Council Criticised Over Lack Of Affordable Housing

Wendy Goodwin, Cabinet Member for Homes

CASTLE POINT BOROUGH COUNCIL (CPBC) was heavily criticised this week by the charity Shelter. Its Local Housing Watch revealed that there are 1,374 households on the waiting list for affordable housing in the constituency and that, at current letting rates, this will take over 14 years to clear.

One would, the charity says, have to earn £47,727 per year to afford to buy an average-priced house in the area – almost twice the average annual income of residents, which is just £24,778.

The average selling price of a home in the borough is £175,000 (down from some £200,000 in 2006)..

Shelter’s independent experts say Castle Point needs to build 209 homes per year; but criticise the council for not saying how many homes it intends to build. Just 10 new affordable homes were in fact delivered, on average, in each of the last three years.

Just 95 lettings were made to new social tenants last year.

46 households are considered as homeless, and 66 are housed in temporary accommodation.

With just five percent of the number of affordable homes delivered, Castle Point was rated at the bottom end of the charity’s housing league table. It was number 303 out of 323 councils rated, and performed particularly badly when compared to its Basildon and Southend neighbours – who were positioned 13th and 102nd respectively. Basildon delivered 91 percent of its 208 target, and Southend managed 26 percent of its 344.

Cllr Wendy Goodwin, Cabinet Member for Homes, was contacted regarding Shelter’s criticism; but no reply was received by the time this article was published.

Last year, the local Labour Party were suggesting that 1,014 empty homes in the borough could be utilised in solving the local housing problem; but that figure, from 2008, does not paint an accurate picture. Included in that headline total are natural and seasonal movements in the area’s housing as properties become empty waiting for new owners or tenants to move in – or remain temporarily unsold in a weak housing market.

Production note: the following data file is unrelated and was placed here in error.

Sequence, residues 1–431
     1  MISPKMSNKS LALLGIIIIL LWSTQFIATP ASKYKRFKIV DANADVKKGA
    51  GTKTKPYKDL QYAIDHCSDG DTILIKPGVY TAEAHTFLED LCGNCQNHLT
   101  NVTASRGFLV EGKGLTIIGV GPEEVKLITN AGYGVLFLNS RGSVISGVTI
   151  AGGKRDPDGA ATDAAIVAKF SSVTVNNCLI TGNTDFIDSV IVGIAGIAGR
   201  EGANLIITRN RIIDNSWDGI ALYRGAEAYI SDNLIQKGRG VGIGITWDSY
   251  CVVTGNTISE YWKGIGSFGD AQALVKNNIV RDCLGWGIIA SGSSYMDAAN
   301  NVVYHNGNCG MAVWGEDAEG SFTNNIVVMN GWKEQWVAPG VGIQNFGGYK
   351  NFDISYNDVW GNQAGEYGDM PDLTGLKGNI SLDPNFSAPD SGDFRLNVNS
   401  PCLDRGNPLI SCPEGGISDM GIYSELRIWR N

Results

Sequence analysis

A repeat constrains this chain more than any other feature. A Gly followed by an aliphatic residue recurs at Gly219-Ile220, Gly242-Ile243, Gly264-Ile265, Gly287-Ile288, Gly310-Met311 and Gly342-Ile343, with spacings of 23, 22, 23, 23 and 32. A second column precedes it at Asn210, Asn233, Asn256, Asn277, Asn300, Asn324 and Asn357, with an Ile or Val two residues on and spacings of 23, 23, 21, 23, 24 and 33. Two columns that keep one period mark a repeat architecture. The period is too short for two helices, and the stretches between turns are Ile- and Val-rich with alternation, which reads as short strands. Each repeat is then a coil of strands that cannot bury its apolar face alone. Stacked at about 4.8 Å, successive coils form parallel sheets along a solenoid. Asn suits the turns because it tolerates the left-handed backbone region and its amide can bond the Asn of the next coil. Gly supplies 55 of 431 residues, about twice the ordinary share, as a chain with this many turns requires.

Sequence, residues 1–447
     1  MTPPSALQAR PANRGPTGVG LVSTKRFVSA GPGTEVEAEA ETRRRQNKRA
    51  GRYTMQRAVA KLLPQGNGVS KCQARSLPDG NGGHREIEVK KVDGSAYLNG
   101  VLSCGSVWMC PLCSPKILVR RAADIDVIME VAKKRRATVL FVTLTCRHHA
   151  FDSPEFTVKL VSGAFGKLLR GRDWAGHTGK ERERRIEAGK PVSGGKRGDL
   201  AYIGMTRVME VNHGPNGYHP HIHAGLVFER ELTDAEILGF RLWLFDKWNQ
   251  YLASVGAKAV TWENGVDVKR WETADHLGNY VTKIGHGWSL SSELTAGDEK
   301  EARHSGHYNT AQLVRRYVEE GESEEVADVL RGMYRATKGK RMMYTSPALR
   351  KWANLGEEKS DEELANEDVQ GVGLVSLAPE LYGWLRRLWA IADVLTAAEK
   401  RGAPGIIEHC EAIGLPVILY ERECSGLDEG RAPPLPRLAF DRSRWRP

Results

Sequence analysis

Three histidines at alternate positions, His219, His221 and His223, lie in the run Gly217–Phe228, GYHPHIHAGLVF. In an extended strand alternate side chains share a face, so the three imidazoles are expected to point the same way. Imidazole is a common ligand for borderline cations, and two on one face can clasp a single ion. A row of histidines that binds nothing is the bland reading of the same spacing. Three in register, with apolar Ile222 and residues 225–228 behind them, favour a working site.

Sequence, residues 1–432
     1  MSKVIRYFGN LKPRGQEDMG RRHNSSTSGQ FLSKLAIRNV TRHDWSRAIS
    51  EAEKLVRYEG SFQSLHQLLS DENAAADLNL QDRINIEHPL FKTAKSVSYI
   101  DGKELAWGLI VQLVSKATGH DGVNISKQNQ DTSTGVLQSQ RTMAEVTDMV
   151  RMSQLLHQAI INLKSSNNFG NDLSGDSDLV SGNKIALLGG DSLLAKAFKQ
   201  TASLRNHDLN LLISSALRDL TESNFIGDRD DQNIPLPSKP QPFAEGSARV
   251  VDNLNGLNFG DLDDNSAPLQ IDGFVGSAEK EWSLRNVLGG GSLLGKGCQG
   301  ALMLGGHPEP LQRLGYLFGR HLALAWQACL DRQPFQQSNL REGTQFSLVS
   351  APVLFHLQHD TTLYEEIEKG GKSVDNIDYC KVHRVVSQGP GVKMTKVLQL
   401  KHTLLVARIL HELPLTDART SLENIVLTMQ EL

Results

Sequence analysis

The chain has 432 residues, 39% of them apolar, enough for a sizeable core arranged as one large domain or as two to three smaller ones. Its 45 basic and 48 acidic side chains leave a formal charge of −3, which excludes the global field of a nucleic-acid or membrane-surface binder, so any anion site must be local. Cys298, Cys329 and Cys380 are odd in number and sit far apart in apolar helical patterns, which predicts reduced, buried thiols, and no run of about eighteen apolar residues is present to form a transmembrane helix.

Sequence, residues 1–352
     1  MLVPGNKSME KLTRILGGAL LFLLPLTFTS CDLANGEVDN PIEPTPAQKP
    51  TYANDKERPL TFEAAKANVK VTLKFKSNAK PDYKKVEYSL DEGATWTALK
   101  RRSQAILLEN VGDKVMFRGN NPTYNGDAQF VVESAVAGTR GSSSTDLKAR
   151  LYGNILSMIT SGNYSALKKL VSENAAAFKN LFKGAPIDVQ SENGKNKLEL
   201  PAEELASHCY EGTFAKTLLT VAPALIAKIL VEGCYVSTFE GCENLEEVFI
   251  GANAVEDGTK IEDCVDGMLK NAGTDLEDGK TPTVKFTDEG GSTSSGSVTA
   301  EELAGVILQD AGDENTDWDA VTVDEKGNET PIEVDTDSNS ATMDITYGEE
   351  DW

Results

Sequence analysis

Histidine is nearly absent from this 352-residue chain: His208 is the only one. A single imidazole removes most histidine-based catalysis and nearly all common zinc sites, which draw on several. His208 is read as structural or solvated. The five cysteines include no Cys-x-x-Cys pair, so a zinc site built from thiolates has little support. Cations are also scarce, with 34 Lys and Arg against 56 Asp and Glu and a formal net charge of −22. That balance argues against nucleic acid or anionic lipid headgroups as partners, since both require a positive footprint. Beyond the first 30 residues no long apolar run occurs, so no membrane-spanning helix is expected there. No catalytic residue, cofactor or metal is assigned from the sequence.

Of that headline figure, 649 private properties (693 in 2009) were identified as having been empty for more than six months; but, once again, the figure also includes properties that await being sold or renovated by their owners. Furthermore, while it is probably true that some of these properties, if money were available, could be purchased by council to add to its housing stock, the truth of the matter is that, in most cases, renovating a run-down property is often likely to be more expensive than knocking it down and rebuilding from scratch.

In short, the option of buying-up aged empty properties is not the viable solution that many would like us to believe.

With projected Council income from Government likely to be cut by some 25 percent in response to Britain’s financial crisis, the outlook for overcoming the borough’s housing crisis in the short term is bleak. If there is to be a silver lining, it is only likely to come from the private sector in reaction to the 2012 Olympics and local town centre regeneration.

On Wednesday, the Development and Control Committee will meet to examine proposals by Barrett to develop the mainland’s Kiln Road site, which includes plans for 53 affordable new homes.

Locally, the plan is opposed by the Thundersley and Daws Heath Hands Off Our Greenbelt Action Group; but the plot is actually designated as possible building space and Barrett have sought to address the outstanding nature conservation issues on the site – as well as providing for contributions towards highway and public transport improvements, early years and childcare education.